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A CurtainUp Review
By Elyse Sommer
I've been a Paul Gross fan even though I've only seen him on screen as the beleaguered artistic director of a theater festival in the wonderful made for TV series Slings and Arrows. Now that Gross is live on Broadway, all I can say is "Lucky Amanda!" Her new Elyot is tall, dark and handsome, the sort of debonair leading man born to wear tuxedos and silk dressing gowns. And he foxtrots divinely and even sings "Someday I'll Find You" as charmingly as she does. It's enough to ignore Elyot's less than charming pronouncements like the one about how "certain women ought to be struck regularly like gongs." No wonder this passionate relationship between two people old enough to know better (both Cattrall and Gross are in their fifties but don't look it) ignites with believable sizzle on the Music Box stage.
Considering that I've seen my share of these idle rich hedonists who can't live peacefully together but are miserable apart, I've found myself mumbling "enough already" when faced with seeing another revival of this smartly constructed, bon mot stuffed marital comedy. But along comes a production with another cast worth watching and those ho-hum thoughts vanish like the smoke from the cigarettes Amanda and Elyot constantly smoke. My "Lucky Amanda" thus also demands a "Lucky You!" -- meaning all of you theater goers who get a chance to see this Private Lives.
Besides the superb leads, the Broadway Private Lives features Simon Paisley Day, one of the best and most memorably uptight Victors I've ever seen (like Cattrall he is reprising his 2010 London performance). The rather unnecessary directorial filip that has Gross shock the prim and proper Victor with a kiss on the lips is offset by the priceless moment when, after tracking down Amanda and Elyot and faced with a night on the living room floor of their love nest, Victor carefully places his pants under the piano for an overnight pressing. Anna Madeley, who like Gross is new to this production, makes Sybil's quibbles delightful.
All things considered, whether you side with those who regard Private Lives as Coward's masterpiece or those who dismiss it as a tantalzing trifle that top drawer actors love to do, it is old-fashioned and mannered, under Richard Eyre's direction the Cowardesque wit still tantalizes and sparkles and the bon mots land with marvelous precision.
The actors not only exemplify perfect comic timing but reveal the skill with which Coward dramatized the tenderness and the seemingly uncontrollable lack of same between the brittle yet oddly vulnerable main couple. Their more conventional counterparts, the rejected new spouses, are also the creations of a master of the well constructed play. In less clever hands, Sybil and Victor would become a couple, but committed as Coward was to entertaining and amusing his audience, he turns the expected ending on its head for an amusingly ambiguous finale.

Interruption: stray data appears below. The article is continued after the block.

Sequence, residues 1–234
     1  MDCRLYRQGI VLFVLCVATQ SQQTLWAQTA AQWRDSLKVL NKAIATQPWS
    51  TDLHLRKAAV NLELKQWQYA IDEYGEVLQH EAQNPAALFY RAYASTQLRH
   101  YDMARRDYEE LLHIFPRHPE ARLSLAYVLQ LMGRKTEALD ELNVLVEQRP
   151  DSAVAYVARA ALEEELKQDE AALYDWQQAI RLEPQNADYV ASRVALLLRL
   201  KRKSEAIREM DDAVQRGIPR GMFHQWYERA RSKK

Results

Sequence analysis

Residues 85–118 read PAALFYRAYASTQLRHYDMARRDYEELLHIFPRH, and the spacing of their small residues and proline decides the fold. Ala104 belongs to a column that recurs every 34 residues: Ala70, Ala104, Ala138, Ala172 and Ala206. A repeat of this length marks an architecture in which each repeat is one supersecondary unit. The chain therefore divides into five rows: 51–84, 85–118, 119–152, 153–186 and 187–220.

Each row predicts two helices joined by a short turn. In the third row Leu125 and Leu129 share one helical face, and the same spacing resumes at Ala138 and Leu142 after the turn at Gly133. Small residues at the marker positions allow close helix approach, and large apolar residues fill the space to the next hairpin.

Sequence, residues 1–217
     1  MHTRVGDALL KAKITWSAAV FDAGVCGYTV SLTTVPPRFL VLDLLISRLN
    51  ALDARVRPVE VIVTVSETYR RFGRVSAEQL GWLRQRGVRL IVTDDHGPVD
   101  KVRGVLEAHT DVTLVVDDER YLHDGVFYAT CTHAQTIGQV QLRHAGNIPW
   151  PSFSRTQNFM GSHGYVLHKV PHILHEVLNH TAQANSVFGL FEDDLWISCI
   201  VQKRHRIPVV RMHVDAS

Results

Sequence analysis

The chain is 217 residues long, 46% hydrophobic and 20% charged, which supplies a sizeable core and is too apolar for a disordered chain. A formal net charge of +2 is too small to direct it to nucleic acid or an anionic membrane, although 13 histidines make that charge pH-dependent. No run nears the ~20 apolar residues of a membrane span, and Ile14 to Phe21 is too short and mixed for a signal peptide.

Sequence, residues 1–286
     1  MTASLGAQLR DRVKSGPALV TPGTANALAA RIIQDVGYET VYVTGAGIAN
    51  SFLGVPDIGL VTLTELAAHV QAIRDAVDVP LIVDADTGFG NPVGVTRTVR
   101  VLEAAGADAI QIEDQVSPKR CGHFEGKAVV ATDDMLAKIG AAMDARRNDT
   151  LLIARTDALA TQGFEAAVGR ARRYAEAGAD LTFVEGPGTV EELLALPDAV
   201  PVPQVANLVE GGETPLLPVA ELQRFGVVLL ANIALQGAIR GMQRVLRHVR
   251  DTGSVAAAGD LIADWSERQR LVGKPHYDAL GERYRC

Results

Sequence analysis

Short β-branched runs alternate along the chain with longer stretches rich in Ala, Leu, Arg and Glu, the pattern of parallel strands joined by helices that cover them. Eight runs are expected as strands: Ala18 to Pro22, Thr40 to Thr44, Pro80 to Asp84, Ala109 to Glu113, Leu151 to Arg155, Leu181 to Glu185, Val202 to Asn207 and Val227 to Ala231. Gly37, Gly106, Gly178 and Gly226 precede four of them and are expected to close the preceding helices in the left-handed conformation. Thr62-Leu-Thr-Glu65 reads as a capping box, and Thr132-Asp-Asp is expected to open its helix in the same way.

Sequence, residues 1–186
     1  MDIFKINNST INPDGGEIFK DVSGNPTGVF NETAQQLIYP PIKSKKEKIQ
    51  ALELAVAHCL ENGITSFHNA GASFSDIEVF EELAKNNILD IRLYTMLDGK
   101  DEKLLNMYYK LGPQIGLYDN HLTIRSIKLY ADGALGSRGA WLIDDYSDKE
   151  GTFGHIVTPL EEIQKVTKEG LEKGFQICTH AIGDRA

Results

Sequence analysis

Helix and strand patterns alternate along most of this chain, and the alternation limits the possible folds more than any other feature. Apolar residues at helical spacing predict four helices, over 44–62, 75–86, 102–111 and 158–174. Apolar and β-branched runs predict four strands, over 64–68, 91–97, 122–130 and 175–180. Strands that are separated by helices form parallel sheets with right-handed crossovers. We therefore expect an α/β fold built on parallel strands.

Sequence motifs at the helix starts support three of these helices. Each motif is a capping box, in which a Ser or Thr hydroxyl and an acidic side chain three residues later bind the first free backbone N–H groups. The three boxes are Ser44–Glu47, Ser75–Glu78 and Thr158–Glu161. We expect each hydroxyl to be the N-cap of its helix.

In this age of directors who push and pull classic stage vehicles in new directions, I suppose some day, if the Coward estate loses control of insuring that Coward's work is honored, some cutting edge specialist will come along with an updated Private Lives — perhaps Amanda and Elyott will get naked and go well beyond passionate embraces on a bare bones set. I hope I'll have retired from reviewing if that day ever comes.
In the meantime, my "Lucky You" also means you will enjoy Rob Howell's sets and costumes. The first act is dominated by the adequate if not spectacular balcony of adjoining suites in a French resort hotel from which unexpectedly reunited divorced lovers escape their respective new spouses before their new unions are consummated. During the one necessarily longer than usual intermission the balcony setting is transformed into Amanda's Art Deco rooftop Parisian pied-à-terre with walls and accessories done up in an amusingly symbolic and stunning fish motif. It's stagecraft magic! Howell's costumes for Sybil and Victor add to the visual pleasures.
When a show transfers from one side to the other, there's always some concern about something getting lost, especially when the cast is not totally intact. This Private Lives has sailed from London to New York without a quibble for Sybil. . .or anyone else on stage or back stage.
The last Private Lives on Broadway in 2002 was also a successful London transfer. The very suave Elyot of that production, Alan Rickman, has also returned to Broadway to star in a brand new play, Seminar, by an American playwright Theresa Rebeck. He'll be playing a very different professor from his Severus Snape in the Harry Potter films. There's a picture of the 2002 Elyot, now white-haired, on page 14 of your Private Lives Playbill. Here's hoping, that Paul Gross will like Mr. Rickman, return to Broadway -- and that we won't have to wait almost ten years until he does. Ditto for his colleagues.
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